.NET Core 6+ Migration Notes (WinForms, WPF)

WinForms Team Blog
30 August 2022

Microsoft continues to update .NET (.NET Core, if you prefer the previous name) and we are doing our best to address customer needs in this regard. In a previous post, I shared our plans for .NET. Today, I’d like to get a bit more practical and talk about potential issues you may encounter if you decide to switch to .NET 6 from .NET Framework (or an older version of .NET Core).

Deprecated API

Transitions to newer technologies rarely occur without bumps and hiccups. At some point, sacrifices will need to be made. In terms of the .NET 6+ transition, sacrifices involve outdated APIs.

Microsoft does a nice job of announcing/tracking outdated APIs. Before you rush into the upgrade, take a moment to review the following article: Obsolete features in .NET 5+. In addition to its comprehensive outdated API list, the article also explains how to suppress warnings if you cannot address an issue.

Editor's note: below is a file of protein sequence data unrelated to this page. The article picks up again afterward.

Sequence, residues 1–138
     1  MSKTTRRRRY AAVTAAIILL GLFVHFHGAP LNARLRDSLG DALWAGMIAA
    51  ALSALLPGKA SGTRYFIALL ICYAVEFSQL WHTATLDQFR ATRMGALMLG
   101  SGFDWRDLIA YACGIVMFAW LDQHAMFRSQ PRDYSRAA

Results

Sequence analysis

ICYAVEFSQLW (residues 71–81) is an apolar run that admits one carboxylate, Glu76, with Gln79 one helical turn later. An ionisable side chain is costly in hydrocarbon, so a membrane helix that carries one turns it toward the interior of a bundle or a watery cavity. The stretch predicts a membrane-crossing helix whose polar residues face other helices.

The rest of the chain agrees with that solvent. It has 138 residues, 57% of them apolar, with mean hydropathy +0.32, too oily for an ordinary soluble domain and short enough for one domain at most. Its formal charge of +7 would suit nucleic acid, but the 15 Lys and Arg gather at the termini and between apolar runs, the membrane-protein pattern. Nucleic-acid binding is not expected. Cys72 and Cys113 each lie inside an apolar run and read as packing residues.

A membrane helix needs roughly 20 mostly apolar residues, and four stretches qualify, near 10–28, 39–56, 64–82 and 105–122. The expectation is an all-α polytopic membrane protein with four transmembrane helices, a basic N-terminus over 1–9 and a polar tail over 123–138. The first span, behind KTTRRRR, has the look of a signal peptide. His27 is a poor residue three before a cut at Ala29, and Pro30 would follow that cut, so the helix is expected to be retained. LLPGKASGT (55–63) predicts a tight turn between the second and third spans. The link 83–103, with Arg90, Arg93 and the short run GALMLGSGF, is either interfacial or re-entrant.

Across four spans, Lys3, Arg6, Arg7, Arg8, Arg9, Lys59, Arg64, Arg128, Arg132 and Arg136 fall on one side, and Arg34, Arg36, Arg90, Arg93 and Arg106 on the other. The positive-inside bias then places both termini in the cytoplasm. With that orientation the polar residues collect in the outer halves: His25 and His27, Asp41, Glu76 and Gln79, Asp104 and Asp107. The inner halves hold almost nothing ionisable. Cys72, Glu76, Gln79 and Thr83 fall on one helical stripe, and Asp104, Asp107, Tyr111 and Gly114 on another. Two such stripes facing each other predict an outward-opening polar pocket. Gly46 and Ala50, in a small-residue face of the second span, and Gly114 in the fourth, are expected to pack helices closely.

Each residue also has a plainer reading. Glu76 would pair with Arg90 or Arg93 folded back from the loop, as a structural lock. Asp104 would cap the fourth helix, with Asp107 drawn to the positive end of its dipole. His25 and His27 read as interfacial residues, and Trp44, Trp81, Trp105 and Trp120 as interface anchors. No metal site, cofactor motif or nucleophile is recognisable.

High DPI and Application Manifest

In the early days of DPI-aware application development, modifying an application's manifest file was the recommended way to set the required DPI awareness mode. Things have changed since then, and awareness mode is now set up differently.

In .NET 6, if you use the outdated approach (changing the manifest file), you will encounter a WFAC010 warning. To avoid this warning, use the abovementioned techniques instead (we expect to ship the "Project Settings Page" in v22.2, so this option will also be available to .NET users).

WPF applications are DPI-aware out-of-the-box and require additional steps only if you wish to enable PerMonitorV2 mode. In this case, follow steps from Microsoft’s Per Monitor DPI (WPF Samples) official guide. This guide utilizes the manifest file, which is not recommended for WinForms apps. The discrepancy between the two platforms was already noted here: WFAC010 build warning directly contradicts WPF guidance. The current (official) recommendation is to suppress the WFAC010 warning if you're using both WinForms and WPF in a single hybrid app.

Project Converter

The easiest way to update your existing WinForms or WPF project to the latest .NET version is to use the DevExpress converter tool available from the main Visual Studio toolbar ("Extensions" | "DevExpress" | "WinForms Controls vXX.X" or "WPF Controls vXX.X" | "Migrate the Current Project to .NET Core").

Get More Help

Before you start the .NET transition process, we ask that you review the following documentation topics (learn about limitations and incorporate our recommendations):


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